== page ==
Creek Climbers Mourn Loss of Indoor Rock Climbing Institution

Rock’n and Jam’n, the most accessible climbing gym in the area, closed on Feb. 28


Katya Roudakov

Junior Rose Chambers climbs a boulder problem at Rock’n and Jam’n, which closed Feb. 28. “So much of my life happened there,” Chambers said. “It’s really upsetting to have to let go of a place so important to me. It saw me grow up.”

Katya Roudakov, A&E Editor

Junior Sophia Diaz-DaCruz began rock climbing less than two years ago, dragged to an indoor climbing gym by her dad and brother. Then, an employee offered to belay her, she got on the wall for the first time, and she fell in love. She’s been a regular at Rock’n and Jam’n ever since, finding a community in a sport and gym.

But indoor rock climbing institution Rock’n and Jam’n closed Feb. 28. “It feels like they’re taking away my home,” Diaz-DaCruz said. “They’re taking away my family, my love, and the place that I always go to when I need to escape from reality.” 

Rock’n and Jam’n, or R&J, has been serving South Metro Denver since 2004 and has fostered a unique community that has maintained rock climbing’s values and preserved its roots in the midst of a massive evolution of the sport.

In late 2022, the building R&J leased for almost 20 years was put up for sale, but R&J’s owners weren’t aware of that fact until there were already multiple offers placed.

Kegan Minock, head routesetter and general manager of R&J, explained that the landlord didn’t ask R&J or their owners whether they wanted to put an offer on the building or not, and were assured that they would be protected in the new lease. However, the building was sold, and the new owner is opting not to extend R&J’s lease, evicting the gym.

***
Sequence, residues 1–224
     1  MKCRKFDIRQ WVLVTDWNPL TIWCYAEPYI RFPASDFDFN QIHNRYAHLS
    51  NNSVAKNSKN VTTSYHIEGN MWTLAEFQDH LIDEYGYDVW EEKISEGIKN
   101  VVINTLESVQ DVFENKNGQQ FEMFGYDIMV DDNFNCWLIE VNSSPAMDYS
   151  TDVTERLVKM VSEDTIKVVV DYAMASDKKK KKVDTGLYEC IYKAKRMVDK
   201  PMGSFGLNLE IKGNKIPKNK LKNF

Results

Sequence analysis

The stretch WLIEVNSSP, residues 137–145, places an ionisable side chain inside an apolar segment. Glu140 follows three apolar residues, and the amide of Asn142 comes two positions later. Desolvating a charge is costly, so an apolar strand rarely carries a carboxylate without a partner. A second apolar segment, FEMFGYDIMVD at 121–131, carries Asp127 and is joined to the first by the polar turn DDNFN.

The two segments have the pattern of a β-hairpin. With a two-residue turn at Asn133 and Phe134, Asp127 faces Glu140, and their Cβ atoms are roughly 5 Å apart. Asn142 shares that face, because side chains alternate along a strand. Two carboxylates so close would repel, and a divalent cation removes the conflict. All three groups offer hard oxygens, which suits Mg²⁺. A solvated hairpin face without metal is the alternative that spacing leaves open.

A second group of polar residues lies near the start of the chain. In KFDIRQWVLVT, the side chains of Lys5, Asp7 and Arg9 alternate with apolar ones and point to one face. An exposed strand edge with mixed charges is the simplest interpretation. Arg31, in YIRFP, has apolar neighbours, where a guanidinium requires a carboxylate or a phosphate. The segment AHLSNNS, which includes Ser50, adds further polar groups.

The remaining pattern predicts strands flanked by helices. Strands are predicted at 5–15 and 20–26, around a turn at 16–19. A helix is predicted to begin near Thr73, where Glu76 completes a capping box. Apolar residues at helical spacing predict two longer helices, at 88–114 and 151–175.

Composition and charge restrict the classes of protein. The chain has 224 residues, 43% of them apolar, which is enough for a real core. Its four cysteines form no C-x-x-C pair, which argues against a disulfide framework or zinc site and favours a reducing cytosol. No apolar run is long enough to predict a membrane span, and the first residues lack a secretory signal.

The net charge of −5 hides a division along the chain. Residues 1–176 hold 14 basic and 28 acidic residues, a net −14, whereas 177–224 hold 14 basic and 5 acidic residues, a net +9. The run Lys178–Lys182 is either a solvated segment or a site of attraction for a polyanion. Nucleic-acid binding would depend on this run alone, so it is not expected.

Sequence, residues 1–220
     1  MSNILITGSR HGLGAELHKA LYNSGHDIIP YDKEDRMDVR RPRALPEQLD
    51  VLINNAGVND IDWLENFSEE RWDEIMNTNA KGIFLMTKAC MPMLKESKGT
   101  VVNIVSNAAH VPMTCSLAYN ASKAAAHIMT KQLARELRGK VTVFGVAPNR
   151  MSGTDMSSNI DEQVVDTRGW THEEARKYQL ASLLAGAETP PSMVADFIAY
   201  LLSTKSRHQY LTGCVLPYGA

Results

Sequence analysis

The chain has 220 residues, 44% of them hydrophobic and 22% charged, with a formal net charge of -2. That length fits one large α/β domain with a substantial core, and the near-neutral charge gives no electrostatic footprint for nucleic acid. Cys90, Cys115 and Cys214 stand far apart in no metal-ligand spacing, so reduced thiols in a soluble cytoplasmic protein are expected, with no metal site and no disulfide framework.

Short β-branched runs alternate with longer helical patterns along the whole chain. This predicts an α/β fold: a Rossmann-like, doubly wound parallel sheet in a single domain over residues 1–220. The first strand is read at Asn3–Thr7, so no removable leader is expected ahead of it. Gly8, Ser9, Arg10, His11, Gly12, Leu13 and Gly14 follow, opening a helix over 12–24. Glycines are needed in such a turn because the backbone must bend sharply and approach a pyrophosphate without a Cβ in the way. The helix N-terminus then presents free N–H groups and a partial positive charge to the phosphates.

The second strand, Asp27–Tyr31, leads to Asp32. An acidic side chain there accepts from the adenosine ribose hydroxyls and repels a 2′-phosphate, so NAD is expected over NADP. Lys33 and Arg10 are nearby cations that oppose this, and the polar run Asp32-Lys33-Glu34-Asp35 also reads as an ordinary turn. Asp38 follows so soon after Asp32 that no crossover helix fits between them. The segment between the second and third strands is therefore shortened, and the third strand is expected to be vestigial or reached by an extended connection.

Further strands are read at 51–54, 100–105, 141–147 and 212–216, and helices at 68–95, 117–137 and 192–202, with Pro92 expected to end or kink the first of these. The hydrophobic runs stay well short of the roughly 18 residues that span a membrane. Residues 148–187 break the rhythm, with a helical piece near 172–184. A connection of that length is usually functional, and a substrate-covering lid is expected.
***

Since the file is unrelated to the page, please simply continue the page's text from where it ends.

“We were kind of blindsided with this,” Minock said. “It feels like a betrayal.”

R&J’s members will have to find newer, more expensive gyms to climb at, losing a community that they’ve been building for years. Other gyms have newer walls and nicer equipment, but R&J has long attracted students from Creek and elsewhere.

Junior Rose Chambers climbs in the bouldering cave at Rock’n and Jam’n. “My favorite thing about Rock’n and Jam’n was the community,” Chambers said. “It was one of the smaller gyms in the Denver Metro Area, and you could tell that because it was a lot smaller, everybody who was there was a lot closer.” (Katya Roudakov)

After getting her start at R&J, it was the community that kept Diaz-DaCruz coming back. “I think everybody there is very humble,” Diaz-DaCruz said. “Because people go there because it’s affordable.” 

It was the closest climbing gym to Creek, the cheapest gym in the state, and the most accessible for kids on a budget. For over a decade, R&J hosted a Student Night where students had to pay only $10 to climb (a typical day pass ranges from $17-$20, depending on hours). 

Creek graduate Hunter Robar (‘21) was initially drawn to R&J by the $10 student night. It offered a lower-stakes, fun way of trying out climbing. “We could be around people from other high schools and we could just have a good time together,” Robar said.

Robar then joined the Creek climbing team, which he remained on for four years, eventually becoming a captain. Climbing was the only sport he participated in in high school — for kids who don’t feel at home in team sports, climbing is a drastically different alternative: individual, equal parts mental and physical, centered around the outdoors. R&J was many students’ first introduction to climbing.

“Unless you’re actively in a competition, the only person you have to compete against is yourself,” Robar said. “And so everybody is rooting for you.”